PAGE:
• Seek professional guidance – when you don’t know what to do.  The church has created a lot of unintentional pain in the past because those in authority have given inaccurate or incomplete counsel.  Mental health professionals can share much of the load in responding to people in crisis, and can free the church up to concentrate on spiritual care and community support. 
  • Educate yourself and your team – Study what the bible has to say about this topic and how it can inform your activities.  There are excellent resources available to help you learn how to respond to people who need support in the area of sexual addiction (see references and resources below).
  • Prepare for the storm – There is a real possibility that porn will become a problem for one of your church staff members.  We’d all like to think that our people know how to defend against being human but it’s simply not possible.  You and your church board would be well served by having a support plan in place for the day when a staff member brings forward a personal struggle.  It would also be wise to create safe opportunities for staff to share their personal struggles.

References and Resources

  • *Regnerus, Mark, David Gordon, and Joseph Price, “Documenting Pornography Use in America: A Comparative Analysis of Methodological Approaches,” The Journal of Sex Research 53, no. 7 (2016): 873-881.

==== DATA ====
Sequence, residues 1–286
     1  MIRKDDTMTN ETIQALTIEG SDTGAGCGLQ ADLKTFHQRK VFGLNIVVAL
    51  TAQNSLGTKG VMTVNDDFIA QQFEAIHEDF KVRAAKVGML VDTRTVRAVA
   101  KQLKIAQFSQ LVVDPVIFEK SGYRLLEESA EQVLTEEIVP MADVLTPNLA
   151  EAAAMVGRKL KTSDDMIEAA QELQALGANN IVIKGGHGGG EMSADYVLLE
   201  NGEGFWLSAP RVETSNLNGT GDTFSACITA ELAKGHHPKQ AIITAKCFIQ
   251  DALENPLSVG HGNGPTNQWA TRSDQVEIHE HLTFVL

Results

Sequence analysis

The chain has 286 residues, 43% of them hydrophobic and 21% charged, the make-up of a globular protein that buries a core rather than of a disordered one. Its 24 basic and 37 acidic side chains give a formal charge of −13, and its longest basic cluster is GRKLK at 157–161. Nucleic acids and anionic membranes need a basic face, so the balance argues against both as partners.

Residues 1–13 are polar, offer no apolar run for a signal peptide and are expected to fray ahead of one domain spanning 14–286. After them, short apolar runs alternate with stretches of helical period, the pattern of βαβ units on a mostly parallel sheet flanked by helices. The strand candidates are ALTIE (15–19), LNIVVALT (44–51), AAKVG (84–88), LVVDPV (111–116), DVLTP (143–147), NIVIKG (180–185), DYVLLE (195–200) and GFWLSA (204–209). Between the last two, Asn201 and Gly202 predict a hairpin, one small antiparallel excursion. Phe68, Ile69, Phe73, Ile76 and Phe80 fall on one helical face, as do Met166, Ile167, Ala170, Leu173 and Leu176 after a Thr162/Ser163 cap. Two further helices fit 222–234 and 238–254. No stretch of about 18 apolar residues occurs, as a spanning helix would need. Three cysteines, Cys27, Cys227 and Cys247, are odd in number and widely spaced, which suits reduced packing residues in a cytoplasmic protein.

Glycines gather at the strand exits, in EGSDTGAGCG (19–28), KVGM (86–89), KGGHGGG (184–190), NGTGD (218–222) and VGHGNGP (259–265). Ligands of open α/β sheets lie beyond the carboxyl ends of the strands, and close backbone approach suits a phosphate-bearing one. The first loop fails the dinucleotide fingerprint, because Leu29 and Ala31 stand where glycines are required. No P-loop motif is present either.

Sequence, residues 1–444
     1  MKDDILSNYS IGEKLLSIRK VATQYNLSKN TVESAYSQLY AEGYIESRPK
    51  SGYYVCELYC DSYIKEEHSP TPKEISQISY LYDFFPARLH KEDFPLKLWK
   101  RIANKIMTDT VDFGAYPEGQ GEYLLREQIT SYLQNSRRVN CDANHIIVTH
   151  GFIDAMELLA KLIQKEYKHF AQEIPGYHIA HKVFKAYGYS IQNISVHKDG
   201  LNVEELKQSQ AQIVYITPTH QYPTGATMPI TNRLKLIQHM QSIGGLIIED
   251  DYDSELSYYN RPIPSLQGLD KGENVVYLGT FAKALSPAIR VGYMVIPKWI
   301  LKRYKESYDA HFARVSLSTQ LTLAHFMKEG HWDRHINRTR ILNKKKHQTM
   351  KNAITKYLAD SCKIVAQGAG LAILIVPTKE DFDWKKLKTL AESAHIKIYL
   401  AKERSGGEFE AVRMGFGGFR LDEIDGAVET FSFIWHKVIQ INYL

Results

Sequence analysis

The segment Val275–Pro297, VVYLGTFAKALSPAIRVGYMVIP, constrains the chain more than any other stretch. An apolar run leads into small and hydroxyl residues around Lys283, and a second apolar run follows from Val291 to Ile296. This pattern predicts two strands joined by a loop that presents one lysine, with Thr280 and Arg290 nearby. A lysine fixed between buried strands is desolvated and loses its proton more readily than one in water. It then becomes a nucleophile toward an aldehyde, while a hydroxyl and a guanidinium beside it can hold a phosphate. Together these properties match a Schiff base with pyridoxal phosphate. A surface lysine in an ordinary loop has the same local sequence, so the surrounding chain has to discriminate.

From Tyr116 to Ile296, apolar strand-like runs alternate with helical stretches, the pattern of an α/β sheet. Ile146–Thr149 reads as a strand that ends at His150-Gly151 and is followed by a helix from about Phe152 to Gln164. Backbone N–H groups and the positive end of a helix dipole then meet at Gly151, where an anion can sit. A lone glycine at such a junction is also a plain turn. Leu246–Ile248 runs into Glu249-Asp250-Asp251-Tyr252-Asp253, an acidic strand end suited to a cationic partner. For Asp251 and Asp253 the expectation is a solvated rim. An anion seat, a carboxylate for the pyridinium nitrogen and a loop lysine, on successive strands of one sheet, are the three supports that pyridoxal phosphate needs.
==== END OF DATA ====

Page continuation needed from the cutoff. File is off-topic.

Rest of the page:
• Living In The Shadows LifeSupport Podcast with Amber Fuller
  • Fuller Living and Associates – counseling offices throughout Minnesota and via telehealth.
  • Recovery From Sexual Addiction – an interview by the National Association For Christian Recovery – with Dr. Mark Laaser, author of Faithful & True: Sexual Integrity in a Fallen World
  • The Conquer Series – video-based series for men addressing sexual addiction and purity, containing Biblical teaching and proven principles to help men conquer porn and walk in freedom.  For groups or individual study.
  • Pure Desire Ministries – Support groups.  Freedom from unwanted sexual behavior
  • Faithful and True – Individual counselling, group sessions and workshops.  Located in the Minneapolis area but with an international reach.  The Faithful and True website includes an online resource store where you can find The Pornography Trap  a book written for pastors and Christian leaders by Dr. Mark Laaser and Dr. Ralph Earle. It addresses the problem of pornography addiction, especially on the internet, and other sexual addictions.
  • Per Amber Fuller – “There is a SIGNIFICANTLY strong correlation between Narcissism and men that struggle with porn addiction. A FANTASTIC resource for pastors when it comes to this is Marriage Recovery Center. They actually have a training specifically for pastors on how to help people in this kind of relationship.

Things We Don’t Talk About In Church Part 1 Read More »

Are You Hiding God?

Why It’s Hard For Ministry Leaders To Be Transparent

If you’ve looked at the news lately you’ve seen that the world is talking about mental health.  From sports stars, to musicians, to politicians, People are becoming more and more open about their mental health.  People are also waking up to the dramatic (and often tragic) effects of mental illness on our young people.